Whipping post removed from old Sussex courthouse grounds

The whipping post is lifted from the ground at its location next to the Old Sussex County Courthouse near The Circle in Georgetown Wednesday morning. (Delaware State News/Glenn Rolfe)

GEORGETOWN — The public punishment chapter in Delaware’s history is no longer in sight.

Nearly seven decades after Delaware’s last recorded whipping, a whipping post was removed from state-owned grounds of the Old Sussex County Courthouse in Georgetown late Wednesday morning, bound for storage in Dover.

“We don’t want to erase history. We want to erase negativity,” said the Rev. Tambara Stewart, who watched the event.

A racially diverse audience of an estimated 200 people was on hand to witness the removal of the whipping post, perceived by many as a horrible reminder of punitive actions with racial and social overtones.

Cheers rang out when the approximate 7-foot concrete post and its concrete base were lifted by backhoe from the earth.

“This isn’t just starting. It’s something we have been working for over the past three years or longer,” said Jane Hovington, president of the Richard Allen Coalition and part of the committee effort that spearheaded the drive to have the post removed. “Many people said, ‘I can’t believe that you have not done anything to remove it.’ I am here to tell you today, it is going away. And I need you to understand, there were white people, I’m sure, Hispanic people, and there were some Indians who were whipped on this post, as well as African Americans.”

Dr. Reba Hollingsworth, a lifelong Delaware educator, historian and civil rights advocate, shared her experience as a witness to a public whipping as a child in 1938.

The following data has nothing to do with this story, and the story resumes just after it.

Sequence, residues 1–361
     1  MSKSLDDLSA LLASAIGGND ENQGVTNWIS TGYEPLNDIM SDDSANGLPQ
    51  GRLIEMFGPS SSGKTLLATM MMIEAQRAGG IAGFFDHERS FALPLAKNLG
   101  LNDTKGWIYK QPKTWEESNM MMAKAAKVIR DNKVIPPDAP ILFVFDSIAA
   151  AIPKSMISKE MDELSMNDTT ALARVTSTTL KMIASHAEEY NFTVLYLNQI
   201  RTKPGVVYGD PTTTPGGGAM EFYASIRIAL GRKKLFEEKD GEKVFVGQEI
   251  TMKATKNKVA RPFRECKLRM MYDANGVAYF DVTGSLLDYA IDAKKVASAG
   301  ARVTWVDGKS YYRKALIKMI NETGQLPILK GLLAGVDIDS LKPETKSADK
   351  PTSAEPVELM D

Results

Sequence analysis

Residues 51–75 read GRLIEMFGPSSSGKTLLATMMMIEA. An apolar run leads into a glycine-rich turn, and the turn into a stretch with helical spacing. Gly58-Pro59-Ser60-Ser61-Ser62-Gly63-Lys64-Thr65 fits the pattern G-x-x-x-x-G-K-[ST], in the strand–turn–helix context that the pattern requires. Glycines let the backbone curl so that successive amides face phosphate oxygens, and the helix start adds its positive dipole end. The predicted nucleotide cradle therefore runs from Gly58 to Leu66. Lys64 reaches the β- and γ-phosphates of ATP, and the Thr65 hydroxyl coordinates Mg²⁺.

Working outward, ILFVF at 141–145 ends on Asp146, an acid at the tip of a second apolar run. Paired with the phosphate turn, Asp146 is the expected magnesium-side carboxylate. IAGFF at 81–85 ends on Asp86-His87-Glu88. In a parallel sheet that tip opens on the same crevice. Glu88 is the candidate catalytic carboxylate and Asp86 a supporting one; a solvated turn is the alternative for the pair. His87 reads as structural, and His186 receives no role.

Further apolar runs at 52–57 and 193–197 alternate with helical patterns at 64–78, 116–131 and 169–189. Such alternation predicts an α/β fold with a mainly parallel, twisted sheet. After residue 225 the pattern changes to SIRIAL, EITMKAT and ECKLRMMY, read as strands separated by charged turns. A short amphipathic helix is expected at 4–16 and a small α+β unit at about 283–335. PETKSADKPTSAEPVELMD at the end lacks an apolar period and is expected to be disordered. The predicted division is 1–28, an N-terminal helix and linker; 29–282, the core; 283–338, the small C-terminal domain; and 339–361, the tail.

“I actually saw a man getting whipped at the whipping post in Dover. There were crowds, just like today. And the whole crowd was watching this man shackled to the post, and a man with a whip … was actually whipping this man, and each time he would whip him, he would count the number of times he struck the man,” said Dr. Hollingsworth. “When he struck the man each time, it felt like something was going through the crowd. It is something that, even though I am almost 94 years old, I have never forgotten. Each time I come to Georgetown and see this replica here, I remember.”

The last use of the whipping post in Delaware took place in 1952. Delaware was the last state to abolish the whipping post, removing the penalty from state law in 1972 through an act of the General Assembly signed by then-Gov. Russell Peterson.

Georgetown Mayor Bill West views this as an opportunity for positive progress.

Georgetown Mayor Bill West addresses those gathered to witness the removal Wednesday of the whipping post located next to the Old Sussex County Courthouse. (Delaware State News/Glenn Rolfe)

“We want to go forward. Today is a great day, the start of going forward and bringing this community together, so we can talk, come together as one under one God,” Mayor West said.

“Every now and again, you have to shame people or shame things,” said the Rev. Stewart. “This morning, I want to shame the devil because I know he has a purpose and it is to divide and separate people. The Bible says that he comes to kill, steal and to destroy. And if we as a people don’t come together, he’ll do just what he came to do. I believe that God has a body of people that will come together, and they will fight for harmony. They will fight for unity, and they will fight for peace.”

Property of the state of Delaware, the post was taken to a Division of Historical and Cultural Affairs storage facility in Dover. It will join other historical objects and artifacts, including a whipping post that once stood near The Green in Dover.

The Division of Historical and Cultural Affairs plans to work with historians, educators and leaders of Delaware’s African American community to explore plans for future display of this artifact in a museum setting, where it can be properly contextualized and interpreted.

“It’s time for us to put these kinds of things in museums, not destroy them, because if you destroy them, the generations coming behind us will not believe that this occurred,” said Dr. Hollingsworth, vice chairwoman of the Delaware Heritage Commission. “So, put this in a museum and let it be there for part of our history, and let it really represent the shame of Delaware — the last state in the union to get rid of a whipping post. We have been last a lot of times, even though we are the First State. First in a lot of things and last in a lot of things. That’s what life is. Let us not repeat the past. Let us use the past to improve and make our present and our future better.”